Here’s an NFL Star Who Does More Than Just Sanctimoniously Kneel

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In the Old Testament, sitting (or “taking a knee”) while others stood around you typically meant one of two things: either you were royalty, or you were trying to show disrespect to those in your presence.

In our modern culture, similar behavior lands you on the cover of TIME magazine, heralded as a hero. But one man’s hero is another man’s misguided backup quarterback making $18 million a year.

As I wrote in an earlier Acculturated post, San Francisco 49ers player Colin Kaepernick could have communicated his frustrations with race relations in the United States in a number of different ways. He has access to media and social media platforms that non-professional athletes and non-celebrities do not. He could have coordinated with other teammates, professional athletes, television networks, sports blogs, law enforcement agencies and grassroots organizations to hold press conferences, town-hall forums, live-streamed events, or the like on behalf of enacting a national dialogue about the problems facing inner city communities.

For Kaepernick, or any public figure for that matter, to contend that the “only” —or even the “best” —way to raise awareness about important issues is to refuse to stand during the National Anthem is difficult to take seriously.

But not everyone in (or affiliated with) the National Football League is content with photo-ops and sanctimonious press conferences after a less than stellar performance on the field.

Green Bay Packers safety Ha Ha Clinton-Dix, for example, has decided to take a different course of action in the face of mounting pressure for African-American athletes to “do something” about race relations.

The fatal shootings of black men by police in Ferguson, Baton Rouge, Dallas and other places that have been in the news gave Clinton-Dix another reason to work on finishing his degree in criminal justice from the University of Alabama, where he was an All-American before joining the NFL as a first-round draft choice in 2014.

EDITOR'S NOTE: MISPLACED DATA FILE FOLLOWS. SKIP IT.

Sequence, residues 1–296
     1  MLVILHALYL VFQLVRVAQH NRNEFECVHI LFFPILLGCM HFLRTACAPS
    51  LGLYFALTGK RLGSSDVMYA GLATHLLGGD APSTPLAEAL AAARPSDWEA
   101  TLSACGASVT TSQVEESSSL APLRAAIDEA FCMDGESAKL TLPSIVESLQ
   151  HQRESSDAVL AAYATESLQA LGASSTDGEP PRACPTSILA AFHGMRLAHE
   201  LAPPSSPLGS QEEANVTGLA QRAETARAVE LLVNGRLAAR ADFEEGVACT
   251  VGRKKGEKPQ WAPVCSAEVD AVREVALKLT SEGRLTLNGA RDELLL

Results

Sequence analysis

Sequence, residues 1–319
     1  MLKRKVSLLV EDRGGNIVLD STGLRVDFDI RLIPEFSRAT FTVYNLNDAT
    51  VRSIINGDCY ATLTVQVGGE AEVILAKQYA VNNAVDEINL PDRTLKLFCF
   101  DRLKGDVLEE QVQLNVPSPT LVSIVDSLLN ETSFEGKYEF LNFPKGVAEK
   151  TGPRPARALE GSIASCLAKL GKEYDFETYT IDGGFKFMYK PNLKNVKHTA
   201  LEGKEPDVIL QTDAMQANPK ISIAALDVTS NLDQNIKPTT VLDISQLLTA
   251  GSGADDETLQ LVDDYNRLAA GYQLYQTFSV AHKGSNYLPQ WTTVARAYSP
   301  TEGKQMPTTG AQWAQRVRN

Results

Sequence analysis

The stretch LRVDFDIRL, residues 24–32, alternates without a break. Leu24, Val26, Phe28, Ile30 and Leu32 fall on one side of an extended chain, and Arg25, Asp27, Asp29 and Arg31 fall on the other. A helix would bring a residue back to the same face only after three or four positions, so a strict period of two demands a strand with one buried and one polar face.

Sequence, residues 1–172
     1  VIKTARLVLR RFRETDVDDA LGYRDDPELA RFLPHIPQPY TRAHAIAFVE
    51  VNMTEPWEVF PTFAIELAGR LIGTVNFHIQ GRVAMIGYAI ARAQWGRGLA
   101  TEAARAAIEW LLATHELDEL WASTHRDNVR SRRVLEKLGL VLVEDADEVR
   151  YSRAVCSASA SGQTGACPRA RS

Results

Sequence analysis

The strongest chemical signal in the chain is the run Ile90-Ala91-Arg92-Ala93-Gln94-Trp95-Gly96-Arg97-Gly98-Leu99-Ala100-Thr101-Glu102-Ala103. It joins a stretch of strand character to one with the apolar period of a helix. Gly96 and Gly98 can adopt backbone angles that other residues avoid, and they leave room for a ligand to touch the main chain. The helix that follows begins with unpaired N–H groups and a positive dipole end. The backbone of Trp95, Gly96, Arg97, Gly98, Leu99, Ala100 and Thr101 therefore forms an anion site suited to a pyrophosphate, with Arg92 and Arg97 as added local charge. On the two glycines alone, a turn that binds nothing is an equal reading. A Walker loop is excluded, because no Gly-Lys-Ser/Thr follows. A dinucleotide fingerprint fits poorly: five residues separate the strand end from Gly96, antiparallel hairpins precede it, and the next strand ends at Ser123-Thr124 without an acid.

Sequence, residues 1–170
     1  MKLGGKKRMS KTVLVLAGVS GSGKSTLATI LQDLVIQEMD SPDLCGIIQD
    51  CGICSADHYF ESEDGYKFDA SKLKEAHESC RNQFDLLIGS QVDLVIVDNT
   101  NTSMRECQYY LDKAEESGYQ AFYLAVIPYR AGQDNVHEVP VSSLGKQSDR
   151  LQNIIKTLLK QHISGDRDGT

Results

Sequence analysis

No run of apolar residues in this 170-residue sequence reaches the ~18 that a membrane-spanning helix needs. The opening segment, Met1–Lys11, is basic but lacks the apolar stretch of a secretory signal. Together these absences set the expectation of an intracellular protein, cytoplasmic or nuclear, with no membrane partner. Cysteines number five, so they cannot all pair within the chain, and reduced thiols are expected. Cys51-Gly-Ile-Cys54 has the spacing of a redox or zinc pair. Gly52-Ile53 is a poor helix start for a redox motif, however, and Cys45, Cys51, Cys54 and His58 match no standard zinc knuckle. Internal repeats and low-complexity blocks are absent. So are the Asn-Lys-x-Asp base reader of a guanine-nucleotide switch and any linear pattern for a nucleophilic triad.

“I went into criminal justice because I want to learn more about the law, about what’s going on in this world . . . and be a mentor to kids from where I’m from to understand that the law isn’t against you, it’s actually for you.”

Regardless of one’s skin color or socio-economic background, we all recognize that no amount of rules, laws, or government programs can successfully replace things like parental involvement, personal relationships, and a “boots on the ground” approach to the raising of children and the development of a community. The problem in many struggling neighborhoods is the lack of adult males with positive messages of how they overcame broken homes or impoverished upbringings and made good lives for themselves.

What Clinton-Dix is trying to do is as commendable as it is tangible.

“You have to put yourself in people’s shoes in certain situations because you don’t know what people really think or what they’re really going through,” Clinton-Dix said. “I feel for the cops. I feel for us as a society as a whole, period. I just hope we can find peace and justice and get back to getting better in this world. That’s how it was going. We were getting better. And I just hope it goes back to that way.”

It is easy to be angry at “the system.” It is also easy to be angry at someone like Colin Kaepernick for his anger with “the system.” But what we see and hear very little of on either side of this issue are things like perspective, thoughtfulness, or actionable advice. Ha Ha Clinton-Dix is trying to do something about an untenable situation rather than simply turn it into a P.R. stunt.

It sounds like he may have been listening to what Dallas Police Chief David Brown said this summer, after the violence in the city.

“Serve your community,” Chief Brown urged. We should all hope more celebrities and athletes heed his advice. Kneeling during the National Anthem is easy and lasts just a few minutes; service, on the other hand, should last a lifetime.

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